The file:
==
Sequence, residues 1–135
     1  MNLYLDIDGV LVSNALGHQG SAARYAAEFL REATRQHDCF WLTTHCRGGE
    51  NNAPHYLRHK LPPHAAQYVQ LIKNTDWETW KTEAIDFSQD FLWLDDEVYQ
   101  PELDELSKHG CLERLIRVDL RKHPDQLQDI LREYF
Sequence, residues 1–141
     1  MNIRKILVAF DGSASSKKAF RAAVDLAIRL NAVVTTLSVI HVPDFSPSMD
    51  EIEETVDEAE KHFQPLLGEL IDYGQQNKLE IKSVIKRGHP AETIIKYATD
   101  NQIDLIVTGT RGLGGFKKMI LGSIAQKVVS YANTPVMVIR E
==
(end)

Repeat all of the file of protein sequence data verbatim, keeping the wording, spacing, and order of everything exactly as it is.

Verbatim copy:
Sequence, residues 1–135
     1  MNLYLDIDGV LVSNALGHQG SAARYAAEFL REATRQHDCF WLTTHCRGGE
    51  NNAPHYLRHK LPPHAAQYVQ LIKNTDWETW KTEAIDFSQD FLWLDDEVYQ
   101  PELDELSKHG CLERLIRVDL RKHPDQLQDI LREYF
Sequence, residues 1–141
     1  MNIRKILVAF DGSASSKKAF RAAVDLAIRL NAVVTTLSVI HVPDFSPSMD
    51  EIEETVDEAE KHFQPLLGEL IDYGQQNKLE IKSVIKRGHP AETIIKYATD
   101  NQIDLIVTGT RGLGGFKKMI LGSIAQKVVS YANTPVMVIR E